Research and Innovative Technology Administration
Concrete pavements; Cracking; Heat of hydration; Lightweight aggregates; Portland cement concrete; Rheological properties; Self compacting concrete; Shrinkage; Water cement ratio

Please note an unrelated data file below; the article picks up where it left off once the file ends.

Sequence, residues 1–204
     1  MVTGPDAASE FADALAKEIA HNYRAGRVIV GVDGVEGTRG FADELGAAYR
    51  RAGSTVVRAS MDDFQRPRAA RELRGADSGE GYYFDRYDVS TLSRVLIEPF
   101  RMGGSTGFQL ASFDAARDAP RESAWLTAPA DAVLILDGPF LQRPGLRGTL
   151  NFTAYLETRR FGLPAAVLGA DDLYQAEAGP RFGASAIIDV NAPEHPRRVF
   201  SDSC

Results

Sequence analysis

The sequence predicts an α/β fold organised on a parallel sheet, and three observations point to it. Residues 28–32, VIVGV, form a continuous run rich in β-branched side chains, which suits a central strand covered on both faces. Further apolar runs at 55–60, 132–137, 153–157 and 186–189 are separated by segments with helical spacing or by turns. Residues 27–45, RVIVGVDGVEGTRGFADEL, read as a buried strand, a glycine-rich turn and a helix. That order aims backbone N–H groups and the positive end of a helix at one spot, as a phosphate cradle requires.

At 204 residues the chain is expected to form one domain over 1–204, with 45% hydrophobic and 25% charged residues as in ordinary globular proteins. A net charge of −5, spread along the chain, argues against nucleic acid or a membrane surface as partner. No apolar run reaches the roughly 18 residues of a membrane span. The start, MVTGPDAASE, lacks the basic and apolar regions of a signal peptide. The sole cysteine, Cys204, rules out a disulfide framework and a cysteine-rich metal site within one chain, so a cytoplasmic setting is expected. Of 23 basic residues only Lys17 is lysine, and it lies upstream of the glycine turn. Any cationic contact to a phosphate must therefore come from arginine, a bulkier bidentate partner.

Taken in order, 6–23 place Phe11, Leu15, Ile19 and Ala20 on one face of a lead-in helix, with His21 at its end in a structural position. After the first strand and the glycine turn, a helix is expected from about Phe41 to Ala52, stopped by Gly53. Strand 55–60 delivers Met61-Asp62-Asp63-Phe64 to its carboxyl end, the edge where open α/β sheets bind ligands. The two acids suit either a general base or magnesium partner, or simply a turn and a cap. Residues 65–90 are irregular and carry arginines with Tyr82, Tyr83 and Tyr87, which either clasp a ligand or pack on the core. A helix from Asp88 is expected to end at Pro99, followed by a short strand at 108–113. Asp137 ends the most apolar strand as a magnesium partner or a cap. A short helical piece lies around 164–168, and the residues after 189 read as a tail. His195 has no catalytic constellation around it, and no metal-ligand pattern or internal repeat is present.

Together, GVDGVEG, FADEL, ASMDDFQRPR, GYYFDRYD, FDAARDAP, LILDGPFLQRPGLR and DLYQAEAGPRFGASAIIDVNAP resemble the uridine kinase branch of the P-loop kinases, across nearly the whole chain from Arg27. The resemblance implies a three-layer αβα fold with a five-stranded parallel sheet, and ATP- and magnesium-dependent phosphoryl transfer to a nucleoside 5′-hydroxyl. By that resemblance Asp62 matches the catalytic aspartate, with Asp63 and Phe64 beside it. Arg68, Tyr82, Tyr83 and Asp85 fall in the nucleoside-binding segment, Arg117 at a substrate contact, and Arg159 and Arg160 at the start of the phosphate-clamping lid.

The proposed project will investigate cost-effective, rapid pavement repair techniques that can reduce cost and duration. Two types of concrete materials are proposed to be investigated in this project, including adaptive rheology concrete, and crack-free early strength concrete for rapid pavement repair. Reducing the construction duration and enhancing early age and long term performance, is the key solution for decreasing both the direct and indirect costs. The first focus of this research is rapid full-depth repair (FDR) using crack-free early strength concrete. Portland cement concrete pavements (PCCP) exhibiting severe distress such as transverse cracks and shattered slabs and corner breaks require FDR. The distress are caused by inadequate slab length and deficient slab thickness (design issues), concrete with high coefficient of thermal expansion or modulus (materials issues), or non-uniform or insufficient base support (construction issues). The full-depth repair involves removing damaged area of the slab and placing full-depth pavement with tie bar in longitudinal joints and dowel bar in transverse joints. Due to the opening requirement of the pavement to traffic in few days after placing repair concrete, it is essential to achieve high early strength in repair concrete. To promote early age strength and setting, low water to cementitious materials ratio (w/cm) with high content of type III cement are common in rapid repair. Drying shrinkage, autogeneous shrinkage, and high heat of hydration are observed in the repair materials. The gradients of shrinkage and temperature though the thickness of repair concrete with the restraints of surrounding old concrete pavement can cause premature cracking at the surface (Shin, 2000). Conventional curing methods using curing compounds and cover are not sufficient to prevent the cracking in repaired pavement. In this research, several methods will be considered to minimize stresses caused by shrinkage and temperature changes. Internal curing can reduce substantial autogeneous shrinkage at early age and increase long term compressive strength in high-performance blended cement mortars (Bentz, 2007). Internal curing using the light weight aggregate (LWA), recycled concrete aggregate (RCA), expanded slate (shale), and superabsorbent polymer will be investigated. The effects of absorption and deception capacity of the aggregate with the size of materials will be investigated. Using synthetic fiber and SRA of repair concrete is the next method to consider. The research findings in the first approach on the SCC will be considered to enhance compaction of repair concrete at the bottom and side of the repairing area. The second approach is to develop flowable concrete with adaptive rheological properties to be used repair patching. The main problems associated to repair work are bonding between the repair material and the substrate and differences in shrinkage or thermal changes, leading to cracks and preferential paths for water intrusion. Based on the above methodology, the use of SRAs, expansive agents and fibers in SCC can be investigated. The advantage of the expansive agents is that shrinkage is fully compensated, while the flowability of SCC result in a better bonding with the substrate, as no air gets entrapped between the two layers. The absence of consolidation can further enhance the bonding between the substrate and the repair material. Due to vibration, water is drawn near the interface, creating a weaker bond, similar to the interface transition zone (ITZ) for coarse aggregates in concrete. Due to the increasing amount of paste and the cementitious materials content in SCC mixtures, shrinkage and cracking potential will be an issue compared to the conventional concrete mixtures (Lomboy et al. 2011). It is required to focus on optimization of mix design in terms of the paste content, Portland cement content, w/cm, and incorporation of proper types and amounts of shrinkage reducing admixtures (SRAs) and fibers to decrease the shrinkage and control the cracking potential in hardened concrete. The cost-effectiveness will be achieved by optimizing the SCC mix design. One key component in this optimization procedure is the granular skeleton formed by the aggregates. Cost-effective SCC requires an appropriate aggregate grain size distribution to minimize paste content. With this appropriate grain size distribution, the cost of the concrete can be reduced, as well as the shrinkage potential. Based on developed theories on particle packing in concrete, optimized grain size distributions can be created with locally available materials.